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Where is Peng Shuai? Chinese Tennis Player Disappears From Public Eye After Sharing Her #MeToo Story. She Reappears for Video Call with IOC President, But Why Are They Ignoring the Allegations?

by Kate Beacom

Peng Shuai, former Wimbeldon and French Open doubles champ, posted a 1,600 word post on her Weibo account chronicaling a 10 year relationship with former Communist Party leader Zhang Gaoli on Tuesday, November 2, including allegations of sexual assault. The post, written as an open letter to Zhang, was deleted within half an hour and searches for Peng Shuai’s name yielded no results. Zhang served as Vice Premier during President Xi Jinping’s first term, 2012 to 2017, before retiring in 2018.

China’s constitution includes freedom of the press, free speech, and freedom of assembly but there is a long history of censorship by the government, targeting social media, journalists, and heavily restricting international media and influence. Sites like Facebook, Instagram, and some Google websites are restricted or blocked. In 2016, Xi rolled out a national media policy, telling the major national news outlets that they must reflect the “thought, politics and action” of the Communist Party leadership.

Directly after making this accusation, Peng, 35, was not heard from on social media or seen publicly for three weeks. On November 14, almost two weeks after Peng’s post, Steve Simon, the head of the Women’s Tennis Association (WTA), called for a thorough investigation of the sexual assault allegations, “without censorship.” Tennis stars Naomi Osaka and Serena Williams expressed concern, using the hashtag ##WhereIsPengShuai. Simon told CNN in an interview on the 18th, “We’re definitely willing to pull our business and deal with all the complications that come with it. Because this is bigger than the business. Women need to be respected and not censored.” The United Nations, Wimbledon, and the White House have all expressed concern for Peng’s safety and called for proof of her whereabouts.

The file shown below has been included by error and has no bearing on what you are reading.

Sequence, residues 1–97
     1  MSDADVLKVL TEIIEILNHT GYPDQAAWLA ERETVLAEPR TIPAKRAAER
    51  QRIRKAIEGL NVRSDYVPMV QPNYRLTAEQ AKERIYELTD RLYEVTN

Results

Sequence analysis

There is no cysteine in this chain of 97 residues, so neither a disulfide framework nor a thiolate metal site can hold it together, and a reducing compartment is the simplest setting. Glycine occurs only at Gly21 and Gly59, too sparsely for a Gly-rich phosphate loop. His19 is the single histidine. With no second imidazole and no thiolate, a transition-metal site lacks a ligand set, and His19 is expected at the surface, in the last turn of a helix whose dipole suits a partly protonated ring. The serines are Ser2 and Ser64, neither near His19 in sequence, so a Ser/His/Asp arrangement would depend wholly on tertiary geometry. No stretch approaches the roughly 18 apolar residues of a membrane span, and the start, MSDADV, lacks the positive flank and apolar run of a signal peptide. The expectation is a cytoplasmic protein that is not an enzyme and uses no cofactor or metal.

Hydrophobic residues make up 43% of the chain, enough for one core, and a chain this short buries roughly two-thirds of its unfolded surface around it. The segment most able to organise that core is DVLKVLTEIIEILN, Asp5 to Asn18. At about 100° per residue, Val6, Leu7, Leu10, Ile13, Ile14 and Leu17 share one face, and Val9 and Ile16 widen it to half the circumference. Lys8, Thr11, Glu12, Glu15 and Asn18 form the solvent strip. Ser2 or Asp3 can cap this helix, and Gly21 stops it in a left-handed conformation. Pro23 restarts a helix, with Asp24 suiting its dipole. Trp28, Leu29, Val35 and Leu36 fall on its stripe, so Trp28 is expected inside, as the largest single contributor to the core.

The Chinese government-run news channel CGTN sent an email on November 18, allegedly from Peng, to Simon, assuring him that she was fine and rescinding the sexual assault claims. 

Following receipt of the email, Simon released another statement on behalf of the WTAl expressing continuing concern over Peng’s whereabouts and how this situation is being handled. “I have a hard time believing that Peng Shuai actually wrote the email we received or believes what is being attributed to her,” he said. 

On November 20, State-affiliated media outlets released video “proof” of her safety, at the opening ceremony of a teen tennis match final and at a restaurant in Beijing where Peng sits with her teammates and coach. The video has been criticized for being staged, not least of all because the conversation includes specific details about the date. Simon, too, released a statement saying he found the video “insufficient.” The existence of a proof of life video doesn’t inherently ensure Peng’s safety. 

On Sunday, November 21, Thomas Bach, president of the International Olympic Committee (IOC) met with Peng on a 30 minute video call from her home in Beijing. The IOC released a statement afterwards saying Peng assured Bach that she is safe at home, and asked for privacy during this time. The IOC was silent on the sexual assault allegations and some see the call as more of a publicity stunt than anything else.